In the modern world, time is a concept we often wish we had more of. More time to binge watch our favourite series, more time to take up a new hobby or learn a language (as you’ve been saying for the past three years - guilty). But time was a commodity that passengers who travelled on SS Great Britain had in plenty. Interpretation Assistant, Anna-Louise Highley offers some 'things to do' inspiration taken from the resourceful passengers of SS Great Britain.
A voyage from Liverpool to Australia could take up to 60 days. On board a ship rammed with upto 700 passengers, it’s not hard to imagine how difficult life in confinement could be. But, with these new restrictions undoubtedly came new creativity, as passengers looked to fill their time meaningfully. Perhaps we can take some inspiration from our Victorian voyagers?
This new-found time might be the perfect opportunity to finally catch up with some well-earned self-care or a candlelit bubble bath? Passengers of SS Great Britain enjoyed their own makeshift spa days. ‘Plunge baths’ filled with fresh sea water were regularly offered on the weather deck for passengers brave enough to dare. Steerage cabins could be stuffy, especially when the ship was near the equator and temperatures soared, so the invitation of an ice-cold bath would be quite appealing.
Perhaps now is the time to try cooking a new recipe? Mealtimes are a constant source of routine comfort for many of us (whilst resisting the temptation to eat the entire contents of the biscuit tin!) and this was no different for the passengers. However, with so many battling their way to be fed first, good manners sometimes got forgotten. “There are 14 persons at our table & for some time there was always a disgraceful scramble as those at the top of the table always seized more than their share” (Quaker, 1852).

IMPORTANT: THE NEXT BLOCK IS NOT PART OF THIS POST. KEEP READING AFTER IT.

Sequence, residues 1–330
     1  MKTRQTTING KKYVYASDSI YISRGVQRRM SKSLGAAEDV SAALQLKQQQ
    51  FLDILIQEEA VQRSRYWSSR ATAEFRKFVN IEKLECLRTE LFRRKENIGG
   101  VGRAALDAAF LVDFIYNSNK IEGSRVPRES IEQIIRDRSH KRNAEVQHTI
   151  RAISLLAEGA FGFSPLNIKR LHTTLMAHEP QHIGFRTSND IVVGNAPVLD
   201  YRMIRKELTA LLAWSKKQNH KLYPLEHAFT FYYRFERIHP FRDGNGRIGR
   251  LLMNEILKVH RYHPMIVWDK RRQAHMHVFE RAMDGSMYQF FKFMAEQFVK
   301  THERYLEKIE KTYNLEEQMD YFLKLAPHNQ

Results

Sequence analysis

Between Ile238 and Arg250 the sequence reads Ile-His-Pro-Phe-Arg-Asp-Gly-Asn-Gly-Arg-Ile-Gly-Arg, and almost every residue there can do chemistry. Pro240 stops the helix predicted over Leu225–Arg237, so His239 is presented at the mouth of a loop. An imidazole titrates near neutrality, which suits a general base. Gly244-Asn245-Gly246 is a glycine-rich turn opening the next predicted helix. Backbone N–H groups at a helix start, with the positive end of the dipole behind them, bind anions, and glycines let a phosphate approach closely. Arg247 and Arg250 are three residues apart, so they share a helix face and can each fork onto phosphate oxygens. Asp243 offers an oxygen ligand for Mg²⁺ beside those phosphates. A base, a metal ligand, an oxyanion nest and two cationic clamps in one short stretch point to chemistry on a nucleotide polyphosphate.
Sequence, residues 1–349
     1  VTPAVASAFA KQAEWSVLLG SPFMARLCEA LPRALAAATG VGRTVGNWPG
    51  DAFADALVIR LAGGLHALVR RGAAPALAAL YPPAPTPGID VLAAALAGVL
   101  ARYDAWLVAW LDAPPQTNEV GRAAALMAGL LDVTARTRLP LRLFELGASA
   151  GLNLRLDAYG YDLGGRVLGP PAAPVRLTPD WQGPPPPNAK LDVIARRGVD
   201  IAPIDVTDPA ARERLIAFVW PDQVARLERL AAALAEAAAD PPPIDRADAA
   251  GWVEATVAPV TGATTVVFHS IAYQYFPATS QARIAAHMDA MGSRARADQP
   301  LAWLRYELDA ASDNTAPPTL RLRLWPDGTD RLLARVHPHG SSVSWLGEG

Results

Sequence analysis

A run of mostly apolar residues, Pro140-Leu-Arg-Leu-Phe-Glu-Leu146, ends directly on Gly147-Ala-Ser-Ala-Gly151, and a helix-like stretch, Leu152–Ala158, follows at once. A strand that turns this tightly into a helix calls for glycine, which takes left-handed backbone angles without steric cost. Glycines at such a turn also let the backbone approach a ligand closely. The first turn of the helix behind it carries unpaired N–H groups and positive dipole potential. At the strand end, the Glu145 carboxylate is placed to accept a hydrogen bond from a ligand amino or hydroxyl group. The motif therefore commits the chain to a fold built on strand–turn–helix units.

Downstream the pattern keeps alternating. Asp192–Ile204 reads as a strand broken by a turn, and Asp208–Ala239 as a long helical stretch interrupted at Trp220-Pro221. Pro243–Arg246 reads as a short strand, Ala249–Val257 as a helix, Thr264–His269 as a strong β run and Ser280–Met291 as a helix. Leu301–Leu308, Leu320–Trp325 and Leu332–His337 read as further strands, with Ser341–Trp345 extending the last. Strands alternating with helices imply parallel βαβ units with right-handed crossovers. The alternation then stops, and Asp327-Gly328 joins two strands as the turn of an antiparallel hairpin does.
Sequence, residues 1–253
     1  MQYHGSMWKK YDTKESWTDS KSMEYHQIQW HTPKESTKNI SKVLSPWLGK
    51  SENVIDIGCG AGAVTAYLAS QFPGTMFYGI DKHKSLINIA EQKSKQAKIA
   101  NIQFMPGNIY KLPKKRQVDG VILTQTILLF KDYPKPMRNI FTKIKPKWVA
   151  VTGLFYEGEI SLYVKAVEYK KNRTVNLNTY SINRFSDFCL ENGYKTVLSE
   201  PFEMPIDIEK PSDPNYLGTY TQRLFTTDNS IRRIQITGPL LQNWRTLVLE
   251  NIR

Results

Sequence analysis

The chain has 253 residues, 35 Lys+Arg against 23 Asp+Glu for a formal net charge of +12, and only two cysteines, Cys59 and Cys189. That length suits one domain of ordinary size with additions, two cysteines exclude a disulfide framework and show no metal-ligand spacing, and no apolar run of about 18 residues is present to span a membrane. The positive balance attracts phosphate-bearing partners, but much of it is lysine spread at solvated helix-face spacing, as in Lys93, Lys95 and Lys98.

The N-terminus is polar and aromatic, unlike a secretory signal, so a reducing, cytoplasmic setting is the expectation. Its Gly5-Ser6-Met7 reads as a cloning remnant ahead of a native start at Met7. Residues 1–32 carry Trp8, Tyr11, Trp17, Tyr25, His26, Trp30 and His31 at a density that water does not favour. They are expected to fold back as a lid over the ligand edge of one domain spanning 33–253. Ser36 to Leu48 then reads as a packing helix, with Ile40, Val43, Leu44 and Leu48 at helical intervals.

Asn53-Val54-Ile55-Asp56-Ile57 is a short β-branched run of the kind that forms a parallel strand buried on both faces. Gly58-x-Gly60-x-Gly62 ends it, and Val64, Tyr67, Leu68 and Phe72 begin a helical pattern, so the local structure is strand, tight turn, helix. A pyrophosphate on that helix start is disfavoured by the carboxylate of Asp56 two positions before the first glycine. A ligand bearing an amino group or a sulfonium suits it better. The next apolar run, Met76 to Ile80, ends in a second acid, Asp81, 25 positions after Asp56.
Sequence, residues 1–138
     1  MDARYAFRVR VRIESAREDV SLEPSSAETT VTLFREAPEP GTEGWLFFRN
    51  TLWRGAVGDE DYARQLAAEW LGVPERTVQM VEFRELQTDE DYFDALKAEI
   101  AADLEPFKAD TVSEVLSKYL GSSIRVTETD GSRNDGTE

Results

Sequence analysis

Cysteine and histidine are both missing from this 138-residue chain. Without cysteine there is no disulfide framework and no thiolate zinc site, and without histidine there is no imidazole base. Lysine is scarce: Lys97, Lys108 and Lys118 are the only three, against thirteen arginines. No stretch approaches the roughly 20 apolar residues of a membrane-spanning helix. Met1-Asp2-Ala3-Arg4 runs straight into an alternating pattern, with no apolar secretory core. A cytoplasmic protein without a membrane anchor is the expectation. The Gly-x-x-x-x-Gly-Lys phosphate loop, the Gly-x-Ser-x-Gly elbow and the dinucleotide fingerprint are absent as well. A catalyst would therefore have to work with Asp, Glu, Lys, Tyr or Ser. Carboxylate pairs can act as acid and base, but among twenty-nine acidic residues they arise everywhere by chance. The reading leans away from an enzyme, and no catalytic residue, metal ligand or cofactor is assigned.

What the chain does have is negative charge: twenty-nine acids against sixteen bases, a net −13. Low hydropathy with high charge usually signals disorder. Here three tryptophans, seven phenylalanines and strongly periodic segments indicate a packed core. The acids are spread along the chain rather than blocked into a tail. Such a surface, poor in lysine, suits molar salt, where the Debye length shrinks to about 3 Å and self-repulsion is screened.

We are now living with unfamiliar restrictions on our movement, able to leave home only for one form of exercise a day. Captain John Gray, one of SS Great Britain’s most treasured Captains, reportedly favored climbing the masts in order to try and get his exercise. Passengers of the ship found their own ways to stretch their sea legs within the limited spaces onboard, walking laps of the weather deck to stay active. The reward could be the thrill of seeing unfamiliar wildlife: there were often sightings of albatross, flying fish and dolphins during passages to Australia. The risk could be gossip, as too much time spent in one person’s company could start rumours! Passenger Charles Albert Chomley wrote, “I walk with one young lady more than another simply because she can talk sense & make herself agreeable and it is reported that we are engaged”.
Many of us now find ourselves glued to a screen, and it’s almost impossible to imagine our lives now without a constant stream of information at our fingertips. Passengers onboard the ship were no different in their appetite for information. On some voyages they compiled ‘newspapers’ (for example the ‘Great Britain Times’, pictured) designed to keep passengers informed and entertained. Some ships were equipped with their own printing offices however, SS Great Britain’s publication would either be handwritten or printed on a portable press. When a week’s newspaper was complete, three copies would be made and distributed: one for the First Class Dining Saloon, one for the second class cabin, and another for the third class cabins, Steerage and sailors.
Music is often considered the food for the soul, so why not use your new free time to rediscover some classics? Whether in the mood for dancing, romancing or chancing, passengers would regularly organise musical entertainment to lift the spirits. “In the evening we had a sort of concert in steerage. Several songs were sung...a violinist accompanied the singers” (McAdam, 1864), Music proved popular among lower class passengers, but also those residing in first class “In our case a Concert or two, and a Mask Ball, successfully managed, gave a little life to our otherwise monotonous voyage” (McIntyre, 2011). Sounds like quite the party! Zoom disco anyone?
Author: Anna-Louise Highley, Interpretation Assistant